The Christmas Tree Conundrum
Just in time for Christmas, Stan Tekiela, author and wildlife photographer for many Adventure Publications books, considers the question of which is best—a fake tree or a real one.
Are you like me? Each holiday season I ponder the whole fake tree/real tree conundrum. Which one is better for the environment? To understand this question, let’s look at some history.
The first Christmas tree lot opened on the streets of New York in 1851 when Mark Carr hauled two ox sleds loaded with trees from the Catskill Mountains into town. Today, about half a million acres of land are used by 22,000 Christmas tree growers, according to the U.S. Department of Agriculture. These tree farmers produce more than 32 million trees each holiday season.
The question remains: Is cutting down a tree for temporary use in your home during the holidays good or bad for the environment? Let’s first look at some facts about artificial trees (which are now apparently called “permanent trees”).
About 9.3 million artificial trees are made and sold each year. About 80 percent of these are made in China. The cost to the environment in terms of how much petroleum is used in manufacturing these trees, the number of cardboard boxes for packaging the trees, and the amount of fuel for transporting the trees halfway around the world is extremely high. Consider this: The life span of the average artificial tree in the U.S. is only six years, but the life span of this same tree in a landfill is an eternity.
Before 1950, most fresh Christmas trees were cut from the wild. Obviously, cutting from the wild would be a problem if it continued today, but now 98 percent of all fresh trees are grown on tree farms. Proponents point out that farm trees offer many environmental benefits. They provide oxygen and remove carbon dioxide and other pollutants from the air while the trees are growing. They help stabilize soil, reduce flooding, and provide nesting habitat for many species of birds.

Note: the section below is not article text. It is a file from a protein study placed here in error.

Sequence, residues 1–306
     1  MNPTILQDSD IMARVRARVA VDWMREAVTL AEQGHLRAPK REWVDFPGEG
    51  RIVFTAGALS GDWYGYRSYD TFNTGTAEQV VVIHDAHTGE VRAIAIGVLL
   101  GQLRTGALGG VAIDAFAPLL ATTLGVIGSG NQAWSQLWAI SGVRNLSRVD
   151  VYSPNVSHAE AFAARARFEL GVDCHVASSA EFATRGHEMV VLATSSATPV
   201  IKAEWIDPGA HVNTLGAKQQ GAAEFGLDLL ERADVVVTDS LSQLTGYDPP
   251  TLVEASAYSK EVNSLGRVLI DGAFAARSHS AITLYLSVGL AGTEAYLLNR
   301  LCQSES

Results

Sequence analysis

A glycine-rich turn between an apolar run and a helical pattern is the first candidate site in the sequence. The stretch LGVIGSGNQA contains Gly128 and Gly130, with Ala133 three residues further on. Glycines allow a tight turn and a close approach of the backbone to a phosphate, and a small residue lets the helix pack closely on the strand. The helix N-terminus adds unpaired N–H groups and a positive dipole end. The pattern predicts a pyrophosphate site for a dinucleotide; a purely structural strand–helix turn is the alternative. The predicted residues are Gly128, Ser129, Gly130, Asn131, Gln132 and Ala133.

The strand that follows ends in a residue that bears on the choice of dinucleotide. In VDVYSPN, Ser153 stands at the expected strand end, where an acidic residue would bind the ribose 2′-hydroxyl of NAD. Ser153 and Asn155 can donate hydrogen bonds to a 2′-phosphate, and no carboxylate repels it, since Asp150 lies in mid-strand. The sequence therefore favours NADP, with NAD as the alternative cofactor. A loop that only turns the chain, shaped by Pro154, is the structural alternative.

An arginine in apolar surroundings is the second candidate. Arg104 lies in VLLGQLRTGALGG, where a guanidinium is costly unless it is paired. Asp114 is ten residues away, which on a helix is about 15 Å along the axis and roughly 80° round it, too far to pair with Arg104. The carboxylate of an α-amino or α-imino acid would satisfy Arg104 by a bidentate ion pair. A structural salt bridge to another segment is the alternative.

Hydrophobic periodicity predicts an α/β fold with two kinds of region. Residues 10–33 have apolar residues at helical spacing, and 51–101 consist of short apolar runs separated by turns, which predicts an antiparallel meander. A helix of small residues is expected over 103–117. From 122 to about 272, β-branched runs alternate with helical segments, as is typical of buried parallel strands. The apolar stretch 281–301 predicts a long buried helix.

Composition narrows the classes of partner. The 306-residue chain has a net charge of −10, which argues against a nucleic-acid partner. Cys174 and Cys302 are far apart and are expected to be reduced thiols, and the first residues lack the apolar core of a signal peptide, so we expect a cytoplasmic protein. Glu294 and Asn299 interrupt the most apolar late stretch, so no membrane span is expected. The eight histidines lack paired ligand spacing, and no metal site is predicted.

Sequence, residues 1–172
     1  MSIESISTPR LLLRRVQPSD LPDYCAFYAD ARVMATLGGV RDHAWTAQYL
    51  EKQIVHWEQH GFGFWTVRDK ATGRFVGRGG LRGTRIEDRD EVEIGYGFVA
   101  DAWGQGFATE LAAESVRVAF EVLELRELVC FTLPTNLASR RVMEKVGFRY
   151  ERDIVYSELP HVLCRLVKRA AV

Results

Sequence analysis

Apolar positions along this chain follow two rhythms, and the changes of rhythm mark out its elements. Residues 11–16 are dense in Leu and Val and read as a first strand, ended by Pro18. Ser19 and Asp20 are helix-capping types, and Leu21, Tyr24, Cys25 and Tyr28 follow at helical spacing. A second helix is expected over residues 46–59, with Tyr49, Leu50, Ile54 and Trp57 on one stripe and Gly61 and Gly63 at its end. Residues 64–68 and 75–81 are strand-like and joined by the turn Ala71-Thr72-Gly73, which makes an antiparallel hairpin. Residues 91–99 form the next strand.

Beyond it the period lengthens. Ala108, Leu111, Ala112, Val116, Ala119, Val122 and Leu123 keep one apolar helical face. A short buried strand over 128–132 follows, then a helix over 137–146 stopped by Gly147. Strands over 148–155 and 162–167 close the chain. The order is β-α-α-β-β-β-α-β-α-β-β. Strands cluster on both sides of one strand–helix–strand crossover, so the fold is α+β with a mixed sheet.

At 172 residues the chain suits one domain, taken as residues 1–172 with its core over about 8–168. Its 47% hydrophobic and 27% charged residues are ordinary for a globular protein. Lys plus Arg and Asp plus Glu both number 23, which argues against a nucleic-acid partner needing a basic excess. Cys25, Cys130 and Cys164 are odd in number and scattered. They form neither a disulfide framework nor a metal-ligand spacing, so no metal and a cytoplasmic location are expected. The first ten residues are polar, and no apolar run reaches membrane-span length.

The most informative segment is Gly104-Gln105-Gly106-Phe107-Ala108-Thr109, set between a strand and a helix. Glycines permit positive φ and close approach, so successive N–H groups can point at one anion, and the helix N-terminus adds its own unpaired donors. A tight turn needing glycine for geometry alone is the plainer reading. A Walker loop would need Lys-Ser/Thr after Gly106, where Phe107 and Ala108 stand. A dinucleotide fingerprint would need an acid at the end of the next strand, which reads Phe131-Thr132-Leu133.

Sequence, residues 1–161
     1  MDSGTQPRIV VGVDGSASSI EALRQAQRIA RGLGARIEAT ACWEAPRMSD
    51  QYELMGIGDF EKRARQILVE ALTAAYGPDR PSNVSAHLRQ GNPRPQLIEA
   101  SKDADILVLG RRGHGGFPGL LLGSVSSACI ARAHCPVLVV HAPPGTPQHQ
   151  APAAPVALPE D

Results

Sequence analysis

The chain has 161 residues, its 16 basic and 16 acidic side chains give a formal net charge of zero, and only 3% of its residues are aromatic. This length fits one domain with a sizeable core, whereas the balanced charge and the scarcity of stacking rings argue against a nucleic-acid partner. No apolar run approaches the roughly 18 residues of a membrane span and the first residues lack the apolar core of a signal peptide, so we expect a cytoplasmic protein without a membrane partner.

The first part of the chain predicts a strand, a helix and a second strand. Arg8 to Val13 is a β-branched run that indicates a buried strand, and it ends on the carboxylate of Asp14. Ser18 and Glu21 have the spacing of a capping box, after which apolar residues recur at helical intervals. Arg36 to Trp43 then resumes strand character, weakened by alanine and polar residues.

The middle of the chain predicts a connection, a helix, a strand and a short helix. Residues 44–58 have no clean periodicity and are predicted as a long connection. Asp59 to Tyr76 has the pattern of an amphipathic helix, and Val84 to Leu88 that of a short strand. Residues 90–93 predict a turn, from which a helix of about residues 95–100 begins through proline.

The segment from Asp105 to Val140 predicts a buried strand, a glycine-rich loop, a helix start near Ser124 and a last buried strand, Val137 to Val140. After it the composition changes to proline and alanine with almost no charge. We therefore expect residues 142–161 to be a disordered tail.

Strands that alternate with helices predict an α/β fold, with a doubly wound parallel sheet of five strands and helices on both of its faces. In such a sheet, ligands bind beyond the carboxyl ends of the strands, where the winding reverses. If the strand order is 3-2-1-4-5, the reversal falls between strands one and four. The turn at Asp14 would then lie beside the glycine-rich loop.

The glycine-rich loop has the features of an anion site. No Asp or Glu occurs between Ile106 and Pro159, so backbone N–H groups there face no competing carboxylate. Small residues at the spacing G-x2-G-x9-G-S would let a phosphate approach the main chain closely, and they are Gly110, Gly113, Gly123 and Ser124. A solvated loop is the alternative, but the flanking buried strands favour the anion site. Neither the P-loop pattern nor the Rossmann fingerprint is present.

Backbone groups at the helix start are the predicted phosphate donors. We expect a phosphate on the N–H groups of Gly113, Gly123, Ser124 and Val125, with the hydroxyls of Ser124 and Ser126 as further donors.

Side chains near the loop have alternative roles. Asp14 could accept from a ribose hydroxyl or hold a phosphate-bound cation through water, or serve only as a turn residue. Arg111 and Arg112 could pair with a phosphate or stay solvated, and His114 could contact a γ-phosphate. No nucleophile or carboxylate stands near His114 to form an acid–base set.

And because Christmas trees are often grown on land retired from other uses, generally fallow fields and cow pastures, they’re not supplanting older forests.
Also, when trees are planted next to natural woodland, a stand of Christmas trees creates an “edge effect” that increases wildlife diversity. Birds, such as goldfinches and cedar waxwings, and small mammals, such as rabbits and mice, find these habitats very beneficial. Bird counts have actually increased on farms that start to grow Christmas trees.
But there is a darker side to the fresh Christmas tree story. Not all Christmas trees are perfectly green as they appear. In order to produce the ideally shaped and colored trees, farmers often use large amounts of chemicals. Insecticides, herbicides, and fungicides are used when growing Christmas trees. These chemicals are highly toxic to birds, fish, and mammals, often counteracting the benefits of growing the trees. In addition, many farmers will spray the trees with a green dye to make them look greener and hold needles longer.
When we buy a Christmas tree, we don’t think about the liberal amounts of chemicals that were applied to the tree and are now sitting in our living rooms. Off gassing of the chemicals is a real concern, not to mention the effect this will have on our pets who sometimes chew the fallen needles.
Fortunately, I think there are a few things we can do as consumers. If you are purchasing a fresh tree this season, ask some questions of the grower about his practices. Are the trees organically grown? Encourage your local grower to use fewer chemicals. Most importantly, don’t expect and demand a perfectly shaped and colored tree. A Charlie Brown tree is just as lovely. Until next time…
Stan Tekiela is an author/naturalist and wildlife photographer who travels the U.S. to study and photograph wildlife. He can be followed at www.facebook.com and twitter.com. He can be contacted via his web page at www.naturesmart.com